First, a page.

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Humpback whales – Alaska

WDC funds pioneering research project

Whales are our allies in the fight against the climate crisis. Among other things, whales stimulate the production of oxygen in the sea by fertilizing the smallest algae in the upper sea layer (phytoplankton) with their excretions. Through their diving behaviour they promote the exchange of nutrients between layers in the sea (the so-called "whale pump").

WDC is helping to fund the University of Alaska Southeast's study of the ‘whale pump’ in the North Pacific, the first time such a project has taken place in the region. Fieldwork began in May 2022 and seeks to determine the extent to which migratory humpback whales circulate nutrients and carbon in Southeast Alaska and their impact on marine productivity and carbon sequestration.

Researchers in Southeast Alaska © Alaska Whale Foundation
Researchers in Southeast Alaska © Alaska Whale Foundation

The whale pump and its importance in Southeast Alaska

Photosynthetic organisms form the basis for all other life in the sea, just like plants on land. With the progressive warming of the oceans, the photosynthetic primary production (i.e. the growth of plants, algae and certain bacteria) with the help of light and nutrients, is expected to decrease. In this context, whales play an important role in the nutrient and carbon cycle, in particular through the so-called "whale pump".

Whales excrete nutrient-rich faeces on the sea surface and thus stimulate the primary production of phytoplankton - which in turn promotes the binding of carbon. 'The whale pump hypothesis is intriguing, but quantifiable data on it is limited,' explains Dr Pearson, Associate Professor of Marine Biology who is leading the research. 'This project will empirically test the theory, by determining if and how humpback whales facilitate nutrient and carbon cycling, and ultimately, their impacts on marine productivity and carbon sequestration.'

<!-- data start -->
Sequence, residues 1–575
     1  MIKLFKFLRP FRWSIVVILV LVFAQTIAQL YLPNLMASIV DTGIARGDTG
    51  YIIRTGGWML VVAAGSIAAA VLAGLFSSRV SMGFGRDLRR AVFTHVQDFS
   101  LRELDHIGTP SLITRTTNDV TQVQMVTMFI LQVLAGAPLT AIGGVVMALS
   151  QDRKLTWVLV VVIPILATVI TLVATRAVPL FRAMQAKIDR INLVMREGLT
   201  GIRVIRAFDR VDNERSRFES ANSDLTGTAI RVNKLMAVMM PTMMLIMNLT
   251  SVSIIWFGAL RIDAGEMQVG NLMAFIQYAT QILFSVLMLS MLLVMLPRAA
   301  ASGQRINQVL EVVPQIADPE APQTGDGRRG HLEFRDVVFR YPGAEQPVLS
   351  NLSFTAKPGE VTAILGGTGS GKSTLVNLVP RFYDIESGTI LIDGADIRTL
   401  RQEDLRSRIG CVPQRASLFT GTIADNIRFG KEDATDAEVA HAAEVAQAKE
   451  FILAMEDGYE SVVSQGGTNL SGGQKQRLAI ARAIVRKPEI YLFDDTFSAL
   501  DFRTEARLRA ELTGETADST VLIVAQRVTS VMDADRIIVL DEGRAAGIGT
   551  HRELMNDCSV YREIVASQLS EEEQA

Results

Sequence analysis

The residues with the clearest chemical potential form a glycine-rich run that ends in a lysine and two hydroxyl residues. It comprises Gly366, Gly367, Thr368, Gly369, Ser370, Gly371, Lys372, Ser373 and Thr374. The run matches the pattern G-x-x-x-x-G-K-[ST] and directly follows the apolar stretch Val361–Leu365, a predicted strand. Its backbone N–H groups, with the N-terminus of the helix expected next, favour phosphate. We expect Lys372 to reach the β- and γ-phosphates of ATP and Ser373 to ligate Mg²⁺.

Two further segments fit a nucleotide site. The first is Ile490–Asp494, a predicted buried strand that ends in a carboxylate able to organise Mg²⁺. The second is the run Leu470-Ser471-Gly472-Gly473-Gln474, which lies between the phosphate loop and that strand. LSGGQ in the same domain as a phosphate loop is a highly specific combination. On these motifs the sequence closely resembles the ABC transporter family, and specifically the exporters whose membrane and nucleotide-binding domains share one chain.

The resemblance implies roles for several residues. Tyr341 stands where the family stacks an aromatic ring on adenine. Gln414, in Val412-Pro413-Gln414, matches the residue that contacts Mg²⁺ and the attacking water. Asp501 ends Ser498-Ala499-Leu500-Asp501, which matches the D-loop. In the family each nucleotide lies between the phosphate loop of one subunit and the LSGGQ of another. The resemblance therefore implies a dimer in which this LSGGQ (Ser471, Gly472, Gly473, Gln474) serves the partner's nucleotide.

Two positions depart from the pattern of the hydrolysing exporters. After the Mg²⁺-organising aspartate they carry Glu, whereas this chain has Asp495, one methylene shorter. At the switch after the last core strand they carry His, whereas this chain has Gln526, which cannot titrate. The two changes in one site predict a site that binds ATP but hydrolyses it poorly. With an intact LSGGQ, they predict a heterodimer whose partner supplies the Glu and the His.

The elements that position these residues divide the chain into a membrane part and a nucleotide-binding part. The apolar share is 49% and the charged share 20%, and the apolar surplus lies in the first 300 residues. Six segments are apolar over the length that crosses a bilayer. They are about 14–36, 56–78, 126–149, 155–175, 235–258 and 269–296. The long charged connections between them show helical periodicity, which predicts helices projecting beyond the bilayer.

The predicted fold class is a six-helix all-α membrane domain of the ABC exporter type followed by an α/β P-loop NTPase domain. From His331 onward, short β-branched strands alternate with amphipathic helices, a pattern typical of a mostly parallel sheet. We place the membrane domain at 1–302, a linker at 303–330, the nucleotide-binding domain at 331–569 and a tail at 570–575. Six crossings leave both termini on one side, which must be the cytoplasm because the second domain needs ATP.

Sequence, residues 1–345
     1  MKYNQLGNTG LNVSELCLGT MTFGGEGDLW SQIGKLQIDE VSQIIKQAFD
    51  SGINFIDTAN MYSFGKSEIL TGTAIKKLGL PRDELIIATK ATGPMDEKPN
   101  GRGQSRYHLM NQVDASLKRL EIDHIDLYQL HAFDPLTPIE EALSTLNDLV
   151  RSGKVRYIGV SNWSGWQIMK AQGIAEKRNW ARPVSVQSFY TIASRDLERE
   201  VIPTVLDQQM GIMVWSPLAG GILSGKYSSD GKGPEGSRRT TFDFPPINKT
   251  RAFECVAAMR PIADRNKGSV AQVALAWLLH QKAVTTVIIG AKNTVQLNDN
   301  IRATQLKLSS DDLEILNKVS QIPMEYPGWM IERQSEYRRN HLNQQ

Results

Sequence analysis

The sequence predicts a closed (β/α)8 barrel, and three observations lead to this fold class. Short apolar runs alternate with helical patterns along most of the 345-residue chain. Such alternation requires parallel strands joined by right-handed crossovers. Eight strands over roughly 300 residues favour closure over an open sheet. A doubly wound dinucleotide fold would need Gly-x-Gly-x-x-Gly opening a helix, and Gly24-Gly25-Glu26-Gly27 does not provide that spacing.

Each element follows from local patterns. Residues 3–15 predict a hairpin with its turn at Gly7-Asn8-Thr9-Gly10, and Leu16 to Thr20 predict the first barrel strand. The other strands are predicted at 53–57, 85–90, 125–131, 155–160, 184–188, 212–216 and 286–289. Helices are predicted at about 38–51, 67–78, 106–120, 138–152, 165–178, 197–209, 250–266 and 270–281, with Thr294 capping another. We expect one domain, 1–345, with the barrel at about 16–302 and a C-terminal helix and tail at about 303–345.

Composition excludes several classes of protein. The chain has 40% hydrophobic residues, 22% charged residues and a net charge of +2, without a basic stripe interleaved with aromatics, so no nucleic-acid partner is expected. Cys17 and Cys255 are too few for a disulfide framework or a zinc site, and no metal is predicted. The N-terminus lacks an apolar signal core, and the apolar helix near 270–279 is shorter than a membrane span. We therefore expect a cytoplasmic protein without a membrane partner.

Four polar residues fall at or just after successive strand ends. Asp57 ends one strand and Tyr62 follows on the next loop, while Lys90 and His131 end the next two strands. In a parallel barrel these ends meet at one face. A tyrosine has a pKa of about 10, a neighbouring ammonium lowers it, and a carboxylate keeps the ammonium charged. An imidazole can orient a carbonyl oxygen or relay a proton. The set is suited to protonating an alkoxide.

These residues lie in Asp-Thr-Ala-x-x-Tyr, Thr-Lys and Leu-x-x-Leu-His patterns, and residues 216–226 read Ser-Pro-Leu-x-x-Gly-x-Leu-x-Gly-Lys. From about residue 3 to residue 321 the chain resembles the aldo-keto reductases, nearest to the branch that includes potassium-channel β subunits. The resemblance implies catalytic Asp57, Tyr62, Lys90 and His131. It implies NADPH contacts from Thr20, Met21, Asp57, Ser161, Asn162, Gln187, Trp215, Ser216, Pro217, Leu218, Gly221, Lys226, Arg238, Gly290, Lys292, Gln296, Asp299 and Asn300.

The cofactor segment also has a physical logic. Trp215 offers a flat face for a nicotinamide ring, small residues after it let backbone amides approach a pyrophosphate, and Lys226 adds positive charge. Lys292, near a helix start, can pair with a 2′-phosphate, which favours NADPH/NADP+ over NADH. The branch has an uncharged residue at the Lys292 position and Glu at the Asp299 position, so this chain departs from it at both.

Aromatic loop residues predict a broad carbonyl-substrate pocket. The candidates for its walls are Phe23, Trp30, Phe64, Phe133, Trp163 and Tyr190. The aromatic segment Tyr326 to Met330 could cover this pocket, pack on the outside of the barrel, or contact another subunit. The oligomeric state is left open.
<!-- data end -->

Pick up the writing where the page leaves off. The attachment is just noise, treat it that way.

What are the project goals?

This study is designed to investigate the role of humpback whales in nutrient and carbon cycling in Southeast Alaska. The central questions are:

  • Which water layers do the nutrients contained in whale droppings come from? This makes it possible to assess whether and to what extent the whales drive the fertilization of the upper water layers.
  • What is the concentration of nutrients in whale droppings compared to seawater?
  • Are the nutrients excreted by the whales easily usable by the phytoplankton so that their growth rate (= primary production) is increased?
Collecting faeces from a humpback whale © Sarah Mastroni
Collecting faeces from a humpback whale © Sarah Mastroni

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